The result was that heat was sent in my direction in the form of a text which began ‘Why did you tell…….?’ Although my sister was present throughout, my niece decided that the incorrect questions she was asked originated from me, the dominant force. The ‘professional’ had tried to investigate why she did not enjoy playing sport, when in fact she did not enjoy swimming. The dislike recently came to the fore when she tried to pummel her ill mother into keeping her off school because of a swimming gala. This is where my role as a Carer as well as Aunt comes into play.  Leaving home earlier than planned I had to talk my niece into attending school. The deal was that I would speak to the Sports teacher about her sensory overload.  In fact there was no need for a big build-up to an explanation as he was fine with it.

When I later chatted to my niece, her reason for disliking swimming was not sensory, nor was it the thought of wearing a swimsuit in front of the whole school and parents, she just disliked swimming. I am aware that she has difficulty identifying her feelings. Not being the strongest swimmer might have meant that she could not take being beaten or she suffers from sensory overload – a trait on the list of spectrum disorders.  Who knows! I hope the key to deciphering negative experiences for my niece is creating opportunities where she can explore what is going on for her,  even if she uses her cognitive skills to do so.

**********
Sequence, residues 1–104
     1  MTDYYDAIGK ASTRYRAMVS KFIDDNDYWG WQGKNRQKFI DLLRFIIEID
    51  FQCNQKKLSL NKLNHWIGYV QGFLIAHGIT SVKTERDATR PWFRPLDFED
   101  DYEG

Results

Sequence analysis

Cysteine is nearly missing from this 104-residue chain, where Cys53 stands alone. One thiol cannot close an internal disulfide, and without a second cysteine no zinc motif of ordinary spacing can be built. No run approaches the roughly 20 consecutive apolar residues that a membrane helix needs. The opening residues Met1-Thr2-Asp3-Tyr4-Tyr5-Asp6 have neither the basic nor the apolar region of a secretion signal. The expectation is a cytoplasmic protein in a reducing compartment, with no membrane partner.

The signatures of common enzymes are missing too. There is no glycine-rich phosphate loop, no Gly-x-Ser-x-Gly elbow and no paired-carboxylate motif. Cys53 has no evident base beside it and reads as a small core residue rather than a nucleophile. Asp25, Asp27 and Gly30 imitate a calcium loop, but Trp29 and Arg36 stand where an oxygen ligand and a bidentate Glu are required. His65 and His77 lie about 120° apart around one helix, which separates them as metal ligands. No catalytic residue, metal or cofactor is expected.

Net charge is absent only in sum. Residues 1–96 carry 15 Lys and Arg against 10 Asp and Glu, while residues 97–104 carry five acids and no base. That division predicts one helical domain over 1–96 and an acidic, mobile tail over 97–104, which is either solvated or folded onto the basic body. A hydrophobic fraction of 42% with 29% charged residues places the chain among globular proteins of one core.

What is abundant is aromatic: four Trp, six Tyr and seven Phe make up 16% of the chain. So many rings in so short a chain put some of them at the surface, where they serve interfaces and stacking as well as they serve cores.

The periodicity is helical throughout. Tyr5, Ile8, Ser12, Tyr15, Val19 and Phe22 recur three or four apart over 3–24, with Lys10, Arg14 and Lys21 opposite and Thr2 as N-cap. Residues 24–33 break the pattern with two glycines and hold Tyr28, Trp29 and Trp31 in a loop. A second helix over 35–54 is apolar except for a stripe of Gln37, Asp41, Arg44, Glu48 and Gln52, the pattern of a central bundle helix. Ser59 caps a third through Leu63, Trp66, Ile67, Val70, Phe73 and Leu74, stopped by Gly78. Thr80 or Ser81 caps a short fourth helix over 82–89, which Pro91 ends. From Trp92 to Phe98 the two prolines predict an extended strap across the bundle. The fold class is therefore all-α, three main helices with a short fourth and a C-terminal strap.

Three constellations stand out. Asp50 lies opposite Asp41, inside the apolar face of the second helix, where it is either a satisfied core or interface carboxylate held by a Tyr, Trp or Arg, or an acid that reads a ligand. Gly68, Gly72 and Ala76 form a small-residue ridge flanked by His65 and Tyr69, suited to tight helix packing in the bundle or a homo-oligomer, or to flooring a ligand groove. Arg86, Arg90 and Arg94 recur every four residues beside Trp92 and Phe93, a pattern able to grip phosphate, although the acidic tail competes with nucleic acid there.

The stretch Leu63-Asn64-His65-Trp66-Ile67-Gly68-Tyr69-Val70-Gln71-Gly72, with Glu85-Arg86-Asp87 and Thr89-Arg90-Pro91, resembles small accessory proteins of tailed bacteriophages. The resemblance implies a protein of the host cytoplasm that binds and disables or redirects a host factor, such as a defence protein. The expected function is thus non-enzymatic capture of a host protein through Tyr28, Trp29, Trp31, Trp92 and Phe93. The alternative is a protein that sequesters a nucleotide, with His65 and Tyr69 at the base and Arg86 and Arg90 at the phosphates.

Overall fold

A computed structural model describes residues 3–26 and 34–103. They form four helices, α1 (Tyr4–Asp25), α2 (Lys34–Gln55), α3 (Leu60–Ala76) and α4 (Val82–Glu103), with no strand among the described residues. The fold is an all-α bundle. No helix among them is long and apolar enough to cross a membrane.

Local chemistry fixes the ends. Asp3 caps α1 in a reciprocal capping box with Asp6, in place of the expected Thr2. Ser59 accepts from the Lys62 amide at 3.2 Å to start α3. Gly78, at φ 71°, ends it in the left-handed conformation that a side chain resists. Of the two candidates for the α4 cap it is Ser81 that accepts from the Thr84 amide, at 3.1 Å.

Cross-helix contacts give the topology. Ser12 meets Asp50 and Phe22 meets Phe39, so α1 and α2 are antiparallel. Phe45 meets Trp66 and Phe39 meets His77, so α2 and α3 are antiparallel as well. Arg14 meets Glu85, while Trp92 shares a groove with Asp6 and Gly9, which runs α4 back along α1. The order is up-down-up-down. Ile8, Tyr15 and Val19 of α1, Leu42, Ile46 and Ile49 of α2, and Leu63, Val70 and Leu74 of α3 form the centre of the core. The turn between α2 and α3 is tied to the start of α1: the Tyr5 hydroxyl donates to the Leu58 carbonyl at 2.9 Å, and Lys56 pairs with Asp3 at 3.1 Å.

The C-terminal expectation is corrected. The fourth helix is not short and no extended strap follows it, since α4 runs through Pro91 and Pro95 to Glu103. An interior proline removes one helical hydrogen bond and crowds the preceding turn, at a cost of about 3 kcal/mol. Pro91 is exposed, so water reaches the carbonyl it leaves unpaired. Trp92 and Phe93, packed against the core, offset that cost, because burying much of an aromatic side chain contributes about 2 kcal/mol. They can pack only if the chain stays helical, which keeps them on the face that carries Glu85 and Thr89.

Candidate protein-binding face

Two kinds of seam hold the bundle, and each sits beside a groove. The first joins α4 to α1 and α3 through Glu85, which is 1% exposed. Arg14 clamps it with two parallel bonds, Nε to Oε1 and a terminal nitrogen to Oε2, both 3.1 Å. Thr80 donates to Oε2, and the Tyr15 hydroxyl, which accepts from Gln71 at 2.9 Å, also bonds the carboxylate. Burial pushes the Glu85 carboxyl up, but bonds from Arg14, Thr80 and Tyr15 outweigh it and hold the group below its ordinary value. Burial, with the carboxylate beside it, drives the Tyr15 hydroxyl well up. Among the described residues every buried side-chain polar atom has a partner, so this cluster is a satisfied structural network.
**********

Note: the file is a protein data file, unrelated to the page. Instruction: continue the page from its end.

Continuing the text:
Posted in Aspergers, Aspies, Autism, Autism Spectrum Disorder, Carers, high functioning autism, Sensory issues | Tagged ,

11. Can you spell ‘Investigation?’

While food shopping recently, I came across a two year old girl who was about to turn three, talking to her mother.  She caught my attention because just like my niece when she was that age, this little girl was using words bigger than she was.  In my niece’s case she would challenge adults to spell them.

I am presently working my way through Tony Attwood’s book ‘The Complete Guide to Asperger’s syndrome’.  To date I have read small booklets on autism with tiny references to high functioning autism or Asperger’s. However, I felt compelled to purchase one of his books in the hope that it might give me a greater insight into my niece’s condition. Interestingly I even saw myself on some of the pages. As Attwood points out, one of the traits of Asperger’s in a child under five is the use of elaborate words. For any parent/carer in charge of such a child, the obvious belief is that they have produced a bright child or a genius.  They might have, but how are they to know that such behaviour might not just be out of the ordinary, but high functioning autism?